Though the federal government and states both fund the insurance program, each state can tailor how the program works. Colorado and Virginia, for example, can end the program when federal funding runs out.
But a few years ago, California rolled its children’s insurance program into Medi-Cal – the state’s version of Medicaid – through the Affordable Care Act. That meant the federal government would cover 88 percent of the cost, but it came with a caveat: California cannot freeze enrollment or end the program for most families until October 2019, even if federal funding ends.
If the program’s money runs out, nearly all of the recipients would continue to get insurance through Medi-Cal, said California Department of Health Care Services spokesman Anthony Cava. But the federal government would pay only 50 percent of the cost, as it does for adult Medicaid recipients. California would have to make up the difference, which the independent California Legislative Analyst’s Office estimates would be $280 million this fiscal year and up to $600 million next fiscal year.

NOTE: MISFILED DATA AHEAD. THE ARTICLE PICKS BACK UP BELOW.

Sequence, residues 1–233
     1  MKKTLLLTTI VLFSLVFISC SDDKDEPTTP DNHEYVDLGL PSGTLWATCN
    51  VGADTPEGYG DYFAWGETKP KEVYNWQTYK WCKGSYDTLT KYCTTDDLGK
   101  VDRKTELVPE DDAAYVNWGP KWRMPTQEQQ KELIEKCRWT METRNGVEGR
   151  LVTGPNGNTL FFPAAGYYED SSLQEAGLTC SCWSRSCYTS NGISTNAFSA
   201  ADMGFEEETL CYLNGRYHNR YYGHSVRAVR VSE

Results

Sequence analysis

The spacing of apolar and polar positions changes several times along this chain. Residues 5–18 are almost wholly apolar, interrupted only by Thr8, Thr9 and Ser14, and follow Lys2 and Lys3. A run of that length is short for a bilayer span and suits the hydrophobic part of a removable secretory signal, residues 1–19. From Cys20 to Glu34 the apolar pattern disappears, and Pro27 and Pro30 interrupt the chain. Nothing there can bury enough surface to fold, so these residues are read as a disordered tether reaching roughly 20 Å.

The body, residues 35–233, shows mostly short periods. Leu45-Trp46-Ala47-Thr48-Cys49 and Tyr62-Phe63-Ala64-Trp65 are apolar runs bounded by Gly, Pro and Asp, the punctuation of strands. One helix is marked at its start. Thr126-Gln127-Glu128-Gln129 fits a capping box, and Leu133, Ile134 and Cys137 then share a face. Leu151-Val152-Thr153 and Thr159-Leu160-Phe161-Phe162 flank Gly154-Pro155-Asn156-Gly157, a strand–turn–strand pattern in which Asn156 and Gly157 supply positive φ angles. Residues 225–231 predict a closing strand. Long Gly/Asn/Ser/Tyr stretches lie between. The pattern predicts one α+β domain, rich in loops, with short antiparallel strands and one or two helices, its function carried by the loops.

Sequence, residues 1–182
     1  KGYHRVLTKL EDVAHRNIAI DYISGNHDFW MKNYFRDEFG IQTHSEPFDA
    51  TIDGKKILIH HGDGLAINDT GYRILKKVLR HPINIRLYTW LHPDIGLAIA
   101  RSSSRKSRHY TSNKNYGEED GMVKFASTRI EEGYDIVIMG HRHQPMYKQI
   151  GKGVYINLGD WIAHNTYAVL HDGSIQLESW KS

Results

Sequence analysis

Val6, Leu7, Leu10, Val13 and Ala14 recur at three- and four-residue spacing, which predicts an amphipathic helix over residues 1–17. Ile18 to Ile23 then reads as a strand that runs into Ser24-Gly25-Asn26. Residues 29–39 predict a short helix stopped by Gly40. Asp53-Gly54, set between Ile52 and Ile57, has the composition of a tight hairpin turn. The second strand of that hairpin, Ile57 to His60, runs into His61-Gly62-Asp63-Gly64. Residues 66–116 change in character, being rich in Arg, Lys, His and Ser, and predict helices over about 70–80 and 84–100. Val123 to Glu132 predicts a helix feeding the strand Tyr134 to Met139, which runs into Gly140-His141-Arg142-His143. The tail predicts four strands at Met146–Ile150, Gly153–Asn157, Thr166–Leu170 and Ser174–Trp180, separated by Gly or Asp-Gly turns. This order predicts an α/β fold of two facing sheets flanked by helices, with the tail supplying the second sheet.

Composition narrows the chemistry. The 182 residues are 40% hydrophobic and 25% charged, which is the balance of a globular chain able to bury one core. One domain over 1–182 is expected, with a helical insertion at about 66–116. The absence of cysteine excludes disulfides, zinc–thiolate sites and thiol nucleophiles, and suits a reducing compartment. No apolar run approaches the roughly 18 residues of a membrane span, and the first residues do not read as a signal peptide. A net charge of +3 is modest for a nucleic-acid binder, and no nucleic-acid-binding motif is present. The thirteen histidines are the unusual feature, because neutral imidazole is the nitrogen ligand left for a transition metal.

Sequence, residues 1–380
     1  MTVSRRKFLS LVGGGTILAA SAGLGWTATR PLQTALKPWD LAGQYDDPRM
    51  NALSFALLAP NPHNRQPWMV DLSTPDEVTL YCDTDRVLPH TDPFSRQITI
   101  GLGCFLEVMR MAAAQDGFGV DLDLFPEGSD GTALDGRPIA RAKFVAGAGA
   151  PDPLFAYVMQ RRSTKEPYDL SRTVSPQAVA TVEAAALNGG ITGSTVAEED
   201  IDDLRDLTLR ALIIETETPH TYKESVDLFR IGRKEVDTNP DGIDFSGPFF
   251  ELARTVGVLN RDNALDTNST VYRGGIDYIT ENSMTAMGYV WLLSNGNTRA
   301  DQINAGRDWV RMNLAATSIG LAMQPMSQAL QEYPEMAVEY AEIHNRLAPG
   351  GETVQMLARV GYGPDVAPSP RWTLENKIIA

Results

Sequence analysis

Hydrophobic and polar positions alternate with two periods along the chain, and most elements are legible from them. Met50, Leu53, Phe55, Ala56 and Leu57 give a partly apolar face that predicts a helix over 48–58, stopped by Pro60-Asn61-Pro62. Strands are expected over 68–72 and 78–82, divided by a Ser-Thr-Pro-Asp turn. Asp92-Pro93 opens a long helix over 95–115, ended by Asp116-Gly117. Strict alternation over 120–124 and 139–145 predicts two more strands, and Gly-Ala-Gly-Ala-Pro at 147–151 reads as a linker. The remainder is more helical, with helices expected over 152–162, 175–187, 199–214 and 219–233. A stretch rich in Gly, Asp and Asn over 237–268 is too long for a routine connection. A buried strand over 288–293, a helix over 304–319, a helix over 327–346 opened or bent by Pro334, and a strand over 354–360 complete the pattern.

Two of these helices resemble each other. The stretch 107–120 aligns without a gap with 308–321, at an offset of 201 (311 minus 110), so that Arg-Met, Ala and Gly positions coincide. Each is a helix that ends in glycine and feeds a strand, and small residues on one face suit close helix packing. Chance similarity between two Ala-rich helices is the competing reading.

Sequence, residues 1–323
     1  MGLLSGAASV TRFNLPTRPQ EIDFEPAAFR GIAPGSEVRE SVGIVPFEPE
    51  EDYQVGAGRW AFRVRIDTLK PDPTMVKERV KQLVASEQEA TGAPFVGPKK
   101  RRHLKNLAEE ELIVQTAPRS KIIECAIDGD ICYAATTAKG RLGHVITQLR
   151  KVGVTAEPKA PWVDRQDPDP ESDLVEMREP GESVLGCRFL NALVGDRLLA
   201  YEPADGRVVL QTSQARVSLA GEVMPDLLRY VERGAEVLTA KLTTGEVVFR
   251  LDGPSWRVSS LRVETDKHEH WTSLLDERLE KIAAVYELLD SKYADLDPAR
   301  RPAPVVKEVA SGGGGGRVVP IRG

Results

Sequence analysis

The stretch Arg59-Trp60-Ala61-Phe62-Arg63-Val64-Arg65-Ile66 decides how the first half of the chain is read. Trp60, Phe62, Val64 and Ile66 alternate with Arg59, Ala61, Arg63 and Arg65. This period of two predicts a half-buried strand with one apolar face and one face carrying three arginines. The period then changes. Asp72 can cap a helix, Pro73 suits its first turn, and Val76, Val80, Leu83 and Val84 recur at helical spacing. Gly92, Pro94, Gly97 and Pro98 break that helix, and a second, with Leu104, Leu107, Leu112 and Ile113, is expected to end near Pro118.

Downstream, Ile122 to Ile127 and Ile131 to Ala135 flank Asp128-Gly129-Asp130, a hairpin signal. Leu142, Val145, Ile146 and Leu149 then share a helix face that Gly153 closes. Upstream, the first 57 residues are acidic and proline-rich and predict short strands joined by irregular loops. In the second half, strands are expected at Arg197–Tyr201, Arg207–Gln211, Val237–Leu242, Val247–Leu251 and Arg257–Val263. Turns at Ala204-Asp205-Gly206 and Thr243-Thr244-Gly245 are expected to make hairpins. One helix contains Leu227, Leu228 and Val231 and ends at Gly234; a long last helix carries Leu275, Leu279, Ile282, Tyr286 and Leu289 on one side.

When it set aside the nearly $400 million in backstop funds, the Legislature assumed Congress might lower the percentage it pays this year, not fail to fund the insurance program entirely, said Hutchful, the California Budget and Policy Center fellow.
If Congress doesn’t act, the governor is considering adding funding for this year’s program in next year’s budget, according to the California Department of Finance.
But Assemblyman Wood said there’s not “pots of money just sitting around,” and when the Legislature returns in January, it’ll have to work on figuring out where to find the money in the budget.
State Senate Health Committee Chairman Ed Hernandez, D-Azusa, said Congress declining to fund the insurance program is the “worst-case scenario.”
“Covering these children is probably the most important thing that we have to do … It’s a shame,” he said. “I hope that they reconsider. I hope they do renew it and that they fund it at the current level.”
Staff writer Barbara Anderson contributed to the story.